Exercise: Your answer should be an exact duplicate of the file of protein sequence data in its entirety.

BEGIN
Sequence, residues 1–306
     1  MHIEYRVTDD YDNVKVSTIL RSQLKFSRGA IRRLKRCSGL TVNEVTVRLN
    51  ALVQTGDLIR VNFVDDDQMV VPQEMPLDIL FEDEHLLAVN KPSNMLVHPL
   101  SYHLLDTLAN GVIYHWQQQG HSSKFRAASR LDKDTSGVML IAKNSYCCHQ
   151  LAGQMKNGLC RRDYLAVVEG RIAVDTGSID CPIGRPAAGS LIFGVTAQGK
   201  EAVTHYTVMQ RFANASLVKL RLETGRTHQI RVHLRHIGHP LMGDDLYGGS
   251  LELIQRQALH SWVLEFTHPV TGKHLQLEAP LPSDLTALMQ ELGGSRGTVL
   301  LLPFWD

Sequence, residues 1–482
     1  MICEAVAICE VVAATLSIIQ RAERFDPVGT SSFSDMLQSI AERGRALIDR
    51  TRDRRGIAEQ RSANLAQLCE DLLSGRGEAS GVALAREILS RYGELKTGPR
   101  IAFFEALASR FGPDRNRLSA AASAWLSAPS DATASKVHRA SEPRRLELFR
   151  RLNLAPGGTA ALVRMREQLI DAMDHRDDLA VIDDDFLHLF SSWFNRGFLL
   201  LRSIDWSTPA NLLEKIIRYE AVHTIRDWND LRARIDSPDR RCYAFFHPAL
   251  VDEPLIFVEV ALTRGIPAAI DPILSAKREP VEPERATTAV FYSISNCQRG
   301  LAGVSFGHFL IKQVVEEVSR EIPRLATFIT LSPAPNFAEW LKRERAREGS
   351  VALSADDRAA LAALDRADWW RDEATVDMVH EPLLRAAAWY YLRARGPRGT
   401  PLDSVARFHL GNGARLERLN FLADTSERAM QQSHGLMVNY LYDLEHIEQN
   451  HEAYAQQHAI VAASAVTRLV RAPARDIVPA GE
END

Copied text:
Sequence, residues 1–306
     1  MHIEYRVTDD YDNVKVSTIL RSQLKFSRGA IRRLKRCSGL TVNEVTVRLN
    51  ALVQTGDLIR VNFVDDDQMV VPQEMPLDIL FEDEHLLAVN KPSNMLVHPL
   101  SYHLLDTLAN GVIYHWQQQG HSSKFRAASR LDKDTSGVML IAKNSYCCHQ
   151  LAGQMKNGLC RRDYLAVVEG RIAVDTGSID CPIGRPAAGS LIFGVTAQGK
   201  EAVTHYTVMQ RFANASLVKL RLETGRTHQI RVHLRHIGHP LMGDDLYGGS
   251  LELIQRQALH SWVLEFTHPV TGKHLQLEAP LPSDLTALMQ ELGGSRGTVL
   301  LLPFWD

Sequence, residues 1–482
     1  MICEAVAICE VVAATLSIIQ RAERFDPVGT SSFSDMLQSI AERGRALIDR
    51  TRDRRGIAEQ RSANLAQLCE DLLSGRGEAS GVALAREILS RYGELKTGPR
   101  IAFFEALASR FGPDRNRLSA AASAWLSAPS DATASKVHRA SEPRRLELFR
   151  RLNLAPGGTA ALVRMREQLI DAMDHRDDLA VIDDDFLHLF SSWFNRGFLL
   201  LRSIDWSTPA NLLEKIIRYE AVHTIRDWND LRARIDSPDR RCYAFFHPAL
   251  VDEPLIFVEV ALTRGIPAAI DPILSAKREP VEPERATTAV FYSISNCQRG
   301  LAGVSFGHFL IKQVVEEVSR EIPRLATFIT LSPAPNFAEW LKRERAREGS
   351  VALSADDRAA LAALDRADWW RDEATVDMVH EPLLRAAAWY YLRARGPRGT
   401  PLDSVARFHL GNGARLERLN FLADTSERAM QQSHGLMVNY LYDLEHIEQN
   451  HEAYAQQHAI VAASAVTRLV RAPARDIVPA GE